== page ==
International Course 2015 on Conservation of Paper in Latin America

Demonstration of lining with Japanese paper at practical session

 From November 4 to 20, 2015, the International Course on Conservation of Paper in Latin America was conducted as part of the LATAM program of the International Centre for the Study of the Preservation and Restoration of Cultural Property (ICCROM). The course was jointly organized by NRICPT, ICCROM, and Mexico’s Coordinación Nacional de Conservación del Patrimonio Cultural, Instituto Nacional de Antropología e Historia (CNCPC-INAH). It was held at CNCPC-INAH and this year was the fourth time.
 There were 9 participants who are experts of conservation for cultural properties and hailed from 8 countries of Portugal, Belize, Chile, Columbia, Cuba, Mexico, Uruguay and Venezuela. The first half of the course was conducted by NRICPT. It was aimed to apply the paper conservation techniques of Japan to cultural properties overseas. Providing the lectures on the protection on cultural properties in Japan as well as the materials such as Japanese paper and adhesive, basic knowledge of the traditional mounting and restoration techniques, the practical session was implemented. The practical session was supported by the staff member of CNCPC-INAH, who had learned the traditional mounting and restoration techniques at NPICPT for several months as part of the program. Following the demonstration by the Japanese instructor, the participants experienced the basic of the traditional mounting and restoration techniques, such as cooking paste, cleaning, infill, lining and drying with karibari. In the last half of the course, the experts of conservation of cultural properties in Mexico, Spain and Argentina conducted lectures on the application of Japanese paper to the conservation in the west and so forth. Through such technical exchange, the plans are to conduct similar training sessions in the future as well in order to deepen understanding of the conservation techniques of Japan and contribute to protection of the cultural properties overseas.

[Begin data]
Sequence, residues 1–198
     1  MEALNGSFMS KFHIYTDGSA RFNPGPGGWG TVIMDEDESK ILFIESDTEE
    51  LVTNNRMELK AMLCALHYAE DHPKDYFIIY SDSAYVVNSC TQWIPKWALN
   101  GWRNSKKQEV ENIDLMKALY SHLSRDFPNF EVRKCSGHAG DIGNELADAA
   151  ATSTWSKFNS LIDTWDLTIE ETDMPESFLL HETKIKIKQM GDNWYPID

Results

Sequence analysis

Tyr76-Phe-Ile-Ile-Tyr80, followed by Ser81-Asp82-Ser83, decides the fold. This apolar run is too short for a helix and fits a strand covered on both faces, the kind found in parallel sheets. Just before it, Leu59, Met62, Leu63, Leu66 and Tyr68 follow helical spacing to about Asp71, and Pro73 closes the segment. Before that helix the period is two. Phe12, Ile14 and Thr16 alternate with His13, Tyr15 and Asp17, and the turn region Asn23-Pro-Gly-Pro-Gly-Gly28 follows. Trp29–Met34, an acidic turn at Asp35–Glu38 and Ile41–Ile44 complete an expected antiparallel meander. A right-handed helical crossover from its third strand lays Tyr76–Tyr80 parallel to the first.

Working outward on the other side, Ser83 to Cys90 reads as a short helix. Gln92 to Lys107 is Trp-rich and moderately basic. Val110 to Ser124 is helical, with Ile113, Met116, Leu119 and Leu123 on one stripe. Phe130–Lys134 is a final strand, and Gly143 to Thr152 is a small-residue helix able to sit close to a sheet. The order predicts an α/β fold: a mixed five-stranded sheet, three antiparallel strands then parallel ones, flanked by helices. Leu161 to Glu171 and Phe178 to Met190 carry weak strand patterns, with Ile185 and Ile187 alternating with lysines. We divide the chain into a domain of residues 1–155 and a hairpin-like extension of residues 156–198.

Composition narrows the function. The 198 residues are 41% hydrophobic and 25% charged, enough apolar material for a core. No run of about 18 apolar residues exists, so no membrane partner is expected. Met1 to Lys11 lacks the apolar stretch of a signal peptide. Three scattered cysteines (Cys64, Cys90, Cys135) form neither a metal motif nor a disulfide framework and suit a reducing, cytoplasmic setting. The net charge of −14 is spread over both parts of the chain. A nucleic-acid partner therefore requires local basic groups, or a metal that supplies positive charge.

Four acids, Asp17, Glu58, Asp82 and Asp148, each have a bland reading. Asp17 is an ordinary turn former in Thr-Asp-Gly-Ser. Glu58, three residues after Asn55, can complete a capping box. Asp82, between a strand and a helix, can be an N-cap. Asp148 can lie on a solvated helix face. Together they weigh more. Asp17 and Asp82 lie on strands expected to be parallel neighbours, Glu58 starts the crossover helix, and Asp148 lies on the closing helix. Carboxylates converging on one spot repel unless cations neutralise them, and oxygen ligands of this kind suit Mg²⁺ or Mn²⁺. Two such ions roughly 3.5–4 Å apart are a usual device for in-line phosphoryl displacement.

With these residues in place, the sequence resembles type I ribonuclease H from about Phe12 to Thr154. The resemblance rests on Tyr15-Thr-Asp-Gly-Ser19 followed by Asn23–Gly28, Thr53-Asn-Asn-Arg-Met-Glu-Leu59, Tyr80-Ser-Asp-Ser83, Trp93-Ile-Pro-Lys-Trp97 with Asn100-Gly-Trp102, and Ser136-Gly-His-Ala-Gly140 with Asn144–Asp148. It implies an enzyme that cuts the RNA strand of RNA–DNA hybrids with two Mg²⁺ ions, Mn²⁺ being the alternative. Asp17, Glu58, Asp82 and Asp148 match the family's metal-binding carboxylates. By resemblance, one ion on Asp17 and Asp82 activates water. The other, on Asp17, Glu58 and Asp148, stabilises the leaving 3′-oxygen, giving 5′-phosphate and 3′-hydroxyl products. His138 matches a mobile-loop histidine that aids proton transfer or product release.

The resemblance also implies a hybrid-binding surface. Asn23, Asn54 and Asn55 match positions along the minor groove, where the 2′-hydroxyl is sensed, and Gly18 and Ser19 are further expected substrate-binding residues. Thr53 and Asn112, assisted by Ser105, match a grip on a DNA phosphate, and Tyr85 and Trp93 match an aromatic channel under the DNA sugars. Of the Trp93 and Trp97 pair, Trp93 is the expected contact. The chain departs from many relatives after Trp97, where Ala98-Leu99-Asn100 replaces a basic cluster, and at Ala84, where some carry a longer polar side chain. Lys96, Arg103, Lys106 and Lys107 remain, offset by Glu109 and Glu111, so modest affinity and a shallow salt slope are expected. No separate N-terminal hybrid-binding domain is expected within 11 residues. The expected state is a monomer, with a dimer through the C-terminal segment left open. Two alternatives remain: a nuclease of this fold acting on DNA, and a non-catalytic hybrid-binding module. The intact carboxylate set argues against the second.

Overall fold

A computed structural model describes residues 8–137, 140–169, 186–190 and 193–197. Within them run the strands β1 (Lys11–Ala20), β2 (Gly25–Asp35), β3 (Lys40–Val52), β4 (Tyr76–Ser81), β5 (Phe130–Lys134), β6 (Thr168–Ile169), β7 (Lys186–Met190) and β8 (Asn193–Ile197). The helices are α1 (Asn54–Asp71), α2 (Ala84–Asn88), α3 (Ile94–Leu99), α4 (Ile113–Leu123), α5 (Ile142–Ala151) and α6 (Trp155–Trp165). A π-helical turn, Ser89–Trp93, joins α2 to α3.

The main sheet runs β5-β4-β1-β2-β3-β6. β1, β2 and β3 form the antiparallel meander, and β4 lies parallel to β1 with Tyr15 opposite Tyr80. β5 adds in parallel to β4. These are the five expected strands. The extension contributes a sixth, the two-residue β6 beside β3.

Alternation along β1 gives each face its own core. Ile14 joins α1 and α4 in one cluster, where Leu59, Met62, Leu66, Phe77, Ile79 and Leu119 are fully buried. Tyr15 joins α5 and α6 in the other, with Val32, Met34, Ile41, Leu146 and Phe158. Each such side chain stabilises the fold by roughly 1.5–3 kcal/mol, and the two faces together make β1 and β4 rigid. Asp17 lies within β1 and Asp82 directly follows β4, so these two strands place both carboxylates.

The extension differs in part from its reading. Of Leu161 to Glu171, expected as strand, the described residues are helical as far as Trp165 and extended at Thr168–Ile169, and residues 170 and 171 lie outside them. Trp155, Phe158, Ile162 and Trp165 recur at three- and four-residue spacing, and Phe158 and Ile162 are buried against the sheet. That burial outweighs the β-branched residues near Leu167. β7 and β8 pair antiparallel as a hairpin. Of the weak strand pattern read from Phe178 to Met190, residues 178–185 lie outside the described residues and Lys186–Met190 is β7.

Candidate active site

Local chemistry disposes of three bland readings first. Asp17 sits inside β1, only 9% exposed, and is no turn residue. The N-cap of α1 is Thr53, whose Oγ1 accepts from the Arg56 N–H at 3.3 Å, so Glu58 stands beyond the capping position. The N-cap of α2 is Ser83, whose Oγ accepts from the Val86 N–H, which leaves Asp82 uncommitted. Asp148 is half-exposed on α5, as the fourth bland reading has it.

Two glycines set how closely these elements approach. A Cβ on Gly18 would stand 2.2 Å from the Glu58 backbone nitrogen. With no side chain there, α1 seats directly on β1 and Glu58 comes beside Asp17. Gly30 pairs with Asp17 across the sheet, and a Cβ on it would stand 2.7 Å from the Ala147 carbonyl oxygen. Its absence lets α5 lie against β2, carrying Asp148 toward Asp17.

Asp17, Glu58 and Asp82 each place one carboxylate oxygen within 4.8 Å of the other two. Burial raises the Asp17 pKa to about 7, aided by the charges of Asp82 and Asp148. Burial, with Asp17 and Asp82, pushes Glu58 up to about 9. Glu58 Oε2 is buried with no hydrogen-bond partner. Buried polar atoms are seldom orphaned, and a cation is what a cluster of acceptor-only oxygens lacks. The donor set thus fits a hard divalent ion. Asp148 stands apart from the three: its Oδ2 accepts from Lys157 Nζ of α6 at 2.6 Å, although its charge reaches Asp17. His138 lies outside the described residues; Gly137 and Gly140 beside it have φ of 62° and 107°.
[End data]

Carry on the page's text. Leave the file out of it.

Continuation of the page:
The 29th General Assembly of ICCROM

FAO Used as the Venue

 Representative from the Institute attended the 29th General Assembly of ICCROM (International Centre for the Study of the Preservation and Restoration of Cultural Property) held in Rome, Italy from November 18 through 20, 2015. ICCROM is an intergovernmental organization, the headquarters of which was established in Rome in 1959 following the resolution at the 9th Session of the UNESCO General Conference in 1956. Known as an advisory body to the World Heritage Committee, ICCROM has been working on the conservation of various movable or immovable cultural properties. Our Institute has been contributing to its activities particularly through training on the preservation and restoration of cultural properties using paper and Japanese lacquer.
 The General Assembly of ICCROM takes place every two years. As usual, new members of the Council were elected since almost half of its members’ term of office had expired. As a result, Mr. Wataru Kawanobe of our Institute was reelected as its member. New Council members were elected from Ireland, Argentina, Iran, the Netherlands, Canada, Korea, Tunisia, Norway and Jordan, while the members of UAE and France were reelected.
 From this General Assembly in 2015, a thematic discussion was held and disaster measures and reconstruction cases were introduced from the member states under the theme of “Climate Change and Natural Disasters: Culture cannot wait!” During the course, the adoption of the “Sendai Framework for Disaster Risk Reduction 2015-2030” and “Sendai Declaration” at the third UN World Conference on Disaster Risk Reduction held in Sendai in March of 2015 was also addressed with a focus. We really felt the great expectations of the member states toward Japan in these areas.
 The Institute will proactively join these international meetings in order to collect global trends on the protection of cultural properties, as well as to transmit Japanese activities widely.